McCulla is an associate professor of chemistry who is slated to receive $440,000 in funding from the National Science Foundation for 2020-2022. His work is important to understanding oxidative stress, which is associated with cardiovascular disease, diabetes and cigarette smoking. He studies the mechanisms of alkene oxidation, a key for research into the physiological effects of lipid oxidation arising from oxidative stress.
Martin, professor and chair of the chemistry department, has been an NIH-funded researcher since 2004. His research stands at the intersection of analytical chemistry, biology and engineering and involves using microchip-based analytical devices to study various biological systems and better understand disease onset.
His recent NIH R15 grant for 2020-2022 totals more than $430,000. Co-Investigator on the award is Dr. Scott Sell from the Department of Biomedical Engineering at SLU.
The resounding success of the chemistry department comes as STEM programs are thriving at SLU.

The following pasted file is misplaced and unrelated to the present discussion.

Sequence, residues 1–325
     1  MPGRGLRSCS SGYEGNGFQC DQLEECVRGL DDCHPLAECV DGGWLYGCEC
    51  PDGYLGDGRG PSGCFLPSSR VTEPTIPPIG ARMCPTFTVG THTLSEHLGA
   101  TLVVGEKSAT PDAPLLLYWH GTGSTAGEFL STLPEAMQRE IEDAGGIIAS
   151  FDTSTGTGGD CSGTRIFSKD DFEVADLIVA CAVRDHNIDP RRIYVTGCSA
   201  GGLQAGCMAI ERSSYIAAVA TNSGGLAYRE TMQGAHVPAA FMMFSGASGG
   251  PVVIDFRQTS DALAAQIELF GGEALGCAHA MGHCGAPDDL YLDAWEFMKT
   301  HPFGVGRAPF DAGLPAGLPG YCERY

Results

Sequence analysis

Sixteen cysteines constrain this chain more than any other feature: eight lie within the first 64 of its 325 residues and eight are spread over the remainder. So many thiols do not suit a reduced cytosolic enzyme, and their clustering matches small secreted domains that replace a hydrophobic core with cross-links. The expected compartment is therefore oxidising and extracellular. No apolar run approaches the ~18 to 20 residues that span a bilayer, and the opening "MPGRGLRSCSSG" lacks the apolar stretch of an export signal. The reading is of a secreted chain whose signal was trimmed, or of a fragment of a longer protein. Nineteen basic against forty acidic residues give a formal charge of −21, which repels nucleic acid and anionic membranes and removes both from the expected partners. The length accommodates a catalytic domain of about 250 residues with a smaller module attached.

This year, the University welcomed the largest freshman class in its history, with the majority of students intending to major in disciplines that will lead to STEM careers.
The University has invested nearly $80 million to create STEM education spaces that focus on experiential learning with updated classrooms and state-of-the-art teaching and research labs. A new $50 million, Interdisciplinary Science and Engineering Building is under construction and scheduled to open in 2020. In addition, Macelwane Hall, which houses biology programs and teaching labs for chemistry, opened in January after undergoing $28.8 million in renovations.